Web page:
Egad, it’s been a fair old while since I last penned a post, nearly three weeks by my reckoning. Still, I have plenty of excuses to hand, one of which is that I spent most of last week cycling around the D-Day beaches of Normandy, which left little time for writing about video games. Although when standing on Omaha beach, the opening of Medal of Honor: Allied Assault crossed my mind more than once.
After reading about all the horrors and dreadful death tolls of D-Day, it still strikes me as odd to play a video game about it for fun, especially when World War 2 remains within living memory. And yet experiencing that landing scene in Allied Assault all those years ago probably gave me a better idea of what it would be like to take part in D-Day than all of the museums I visited last week. WW2 games may be long out of fashion, but I’m still undecided as to whether they are callous gamifications of a bloody struggle or essential ways to keep the memory of the price paid by so many alive for another generation – I suppose it very much depends on the sensitivity of the game.
Another excuse for my lack of posting is of course that it’s summer and the weather’s great, so I’ve been frolicking in the great outdoors. But perhaps a more exciting excuse is that I’ve been writing a couple of pieces for Kotaku.co.uk, both of which should hopefully see the light of day in the next few weeks.
But chief of my excuses is the fact that I’m moving out of London very soon, so the last couple of weeks has seen some frantic packing and clearing out. I’m off to Edinburgh, via a short sojourn in sunny Cannes, so there has been much frantic and increasingly desperate preparation as the moving date looms. Of course, this also provided the perfect excuse to take a long, cold look at my gaming backlog and make a judgement call on which games would be coming with me and which, ultimately, I can’t really see myself ever playing. Here are a few that missed their place in the moving van.
Dead Space: Extraction – Don’t get me wrong, this game’s fate in the clear-out pile is no indication of its inferior quality. In fact, it came close to being one of our top ten favourite Wii games of all time. But I lost my save game when quite near the end after I said goodbye to my old Wii, and I just haven’t got round to playing through it again – and as the years roll on, it’s looking unlikely I ever will. Still, a great game, especially in two player.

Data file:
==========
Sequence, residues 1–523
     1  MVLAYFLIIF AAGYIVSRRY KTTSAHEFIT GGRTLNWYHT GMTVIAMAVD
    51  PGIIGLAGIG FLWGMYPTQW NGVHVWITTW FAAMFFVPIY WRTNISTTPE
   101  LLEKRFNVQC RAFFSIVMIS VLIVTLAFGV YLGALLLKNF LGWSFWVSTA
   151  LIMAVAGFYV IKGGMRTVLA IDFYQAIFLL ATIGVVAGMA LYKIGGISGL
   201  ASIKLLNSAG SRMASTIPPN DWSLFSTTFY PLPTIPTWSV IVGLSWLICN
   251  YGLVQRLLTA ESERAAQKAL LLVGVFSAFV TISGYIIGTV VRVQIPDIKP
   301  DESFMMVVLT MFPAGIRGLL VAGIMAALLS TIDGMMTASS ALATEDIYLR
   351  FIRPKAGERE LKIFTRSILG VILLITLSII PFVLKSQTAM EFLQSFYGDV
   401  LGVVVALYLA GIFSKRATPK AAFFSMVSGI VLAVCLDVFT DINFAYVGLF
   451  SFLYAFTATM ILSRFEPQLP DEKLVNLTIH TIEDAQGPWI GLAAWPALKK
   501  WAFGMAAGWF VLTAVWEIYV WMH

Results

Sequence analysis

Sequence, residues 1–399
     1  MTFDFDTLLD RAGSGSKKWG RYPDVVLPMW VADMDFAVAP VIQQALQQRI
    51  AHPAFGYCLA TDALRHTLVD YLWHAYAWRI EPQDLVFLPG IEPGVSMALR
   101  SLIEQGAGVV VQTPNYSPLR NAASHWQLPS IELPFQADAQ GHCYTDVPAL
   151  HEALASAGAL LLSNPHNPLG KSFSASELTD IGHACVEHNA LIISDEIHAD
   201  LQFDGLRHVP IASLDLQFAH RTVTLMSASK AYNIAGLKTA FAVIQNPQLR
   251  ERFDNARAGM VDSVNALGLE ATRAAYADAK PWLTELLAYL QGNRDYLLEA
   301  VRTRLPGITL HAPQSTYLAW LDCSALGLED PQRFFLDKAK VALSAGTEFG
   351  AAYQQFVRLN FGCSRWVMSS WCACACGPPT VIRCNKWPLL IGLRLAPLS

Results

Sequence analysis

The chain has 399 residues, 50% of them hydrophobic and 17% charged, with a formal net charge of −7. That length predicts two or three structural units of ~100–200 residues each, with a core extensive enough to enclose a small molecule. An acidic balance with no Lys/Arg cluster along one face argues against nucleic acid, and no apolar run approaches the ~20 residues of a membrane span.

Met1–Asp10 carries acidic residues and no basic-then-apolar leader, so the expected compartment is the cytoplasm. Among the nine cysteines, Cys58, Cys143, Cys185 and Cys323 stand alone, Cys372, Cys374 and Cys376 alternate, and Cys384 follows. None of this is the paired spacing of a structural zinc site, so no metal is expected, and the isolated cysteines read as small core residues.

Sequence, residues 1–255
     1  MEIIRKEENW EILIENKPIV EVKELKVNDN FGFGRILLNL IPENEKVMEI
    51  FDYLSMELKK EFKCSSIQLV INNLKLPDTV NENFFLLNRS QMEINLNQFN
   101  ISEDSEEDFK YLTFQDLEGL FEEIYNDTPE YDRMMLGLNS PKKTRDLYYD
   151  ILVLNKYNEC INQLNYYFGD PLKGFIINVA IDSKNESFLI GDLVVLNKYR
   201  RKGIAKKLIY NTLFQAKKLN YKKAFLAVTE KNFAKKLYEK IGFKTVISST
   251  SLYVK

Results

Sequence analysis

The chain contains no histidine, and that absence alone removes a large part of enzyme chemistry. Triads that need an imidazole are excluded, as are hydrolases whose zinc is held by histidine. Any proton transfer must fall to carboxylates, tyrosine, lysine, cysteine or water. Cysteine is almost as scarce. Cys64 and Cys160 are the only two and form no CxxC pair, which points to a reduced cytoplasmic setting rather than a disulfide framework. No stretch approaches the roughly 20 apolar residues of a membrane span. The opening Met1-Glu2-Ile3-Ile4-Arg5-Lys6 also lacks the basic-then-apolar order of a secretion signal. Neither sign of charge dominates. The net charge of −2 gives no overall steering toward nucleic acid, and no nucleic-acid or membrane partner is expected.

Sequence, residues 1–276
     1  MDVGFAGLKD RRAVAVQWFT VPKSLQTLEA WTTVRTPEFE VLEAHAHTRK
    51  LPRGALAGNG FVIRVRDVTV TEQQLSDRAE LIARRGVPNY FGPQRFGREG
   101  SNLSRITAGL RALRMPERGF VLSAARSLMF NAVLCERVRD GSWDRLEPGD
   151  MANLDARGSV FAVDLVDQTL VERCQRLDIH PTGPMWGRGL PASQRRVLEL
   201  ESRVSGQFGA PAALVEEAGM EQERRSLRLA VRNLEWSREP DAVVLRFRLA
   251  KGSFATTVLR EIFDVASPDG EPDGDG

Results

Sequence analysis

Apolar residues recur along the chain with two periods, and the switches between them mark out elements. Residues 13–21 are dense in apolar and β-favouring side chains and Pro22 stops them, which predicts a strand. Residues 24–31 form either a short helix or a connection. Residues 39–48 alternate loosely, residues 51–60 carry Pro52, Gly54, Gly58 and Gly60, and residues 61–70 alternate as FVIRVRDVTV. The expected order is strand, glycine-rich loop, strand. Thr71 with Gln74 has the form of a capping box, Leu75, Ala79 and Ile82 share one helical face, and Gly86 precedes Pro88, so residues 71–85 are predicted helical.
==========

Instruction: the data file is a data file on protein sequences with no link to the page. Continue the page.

Fable II – This was infuriating. I got Fable II for Christmas when it came out, and for some reason it kept on crashing my Xbox 360. After about 12 crashes I gave up, and not long afterwards my 360 developed the red ring of death. Coincidence? Well apparently the game was known to push the poorly cooled graphics chip pretty hard, so I’ll warrant there is probably a link there. I’ve never quite plucked up the courage to try the game again on my replacement 360, and to be honest there are several long RPGs that I’d rather play before this one, so time to give it the old heave ho.
Mercury Meltdown Revolution – I bought this years ago, and I loved it. It’s a sequel to the PSP game Mercury by British video game legend Archer MacLean, creator of Dropzone, IK+ and Jimmy White’s Whirlwind Snooker. It’s one of the few Wii games I can think of that really embraces the motion controls – you have to carefully tilt the remote to guide your blob of mercury around. I got about halfway through I think, but I haven’t played it in years, so it’s probably about time to part with it.
Sin and Punishment 2: Successor to the Skies – I bought this after hearing all sorts of good things about the fabled Japan-only N64 game Sin and Punishment, and as far as shooters go it’s a very good one. But it’s also very hard, and I never managed to get further than about three levels in. Loved the bizarre characters though, and all the weird giant turtles and crabs.
Wario Land: The Shake Dimension – This is another Wii game that worked well with motion controls. Well, it involved a lot of shaking, anyway. It’s a pretty decent platform game, and I like Wario as a character, but to be honest I’ve been falling out of love with platformers these past few years – and if I can’t bring myself to finish New Super Mario Bros. U, then it’s unlikely I’ll get round to this game.
Toodle-pip for now!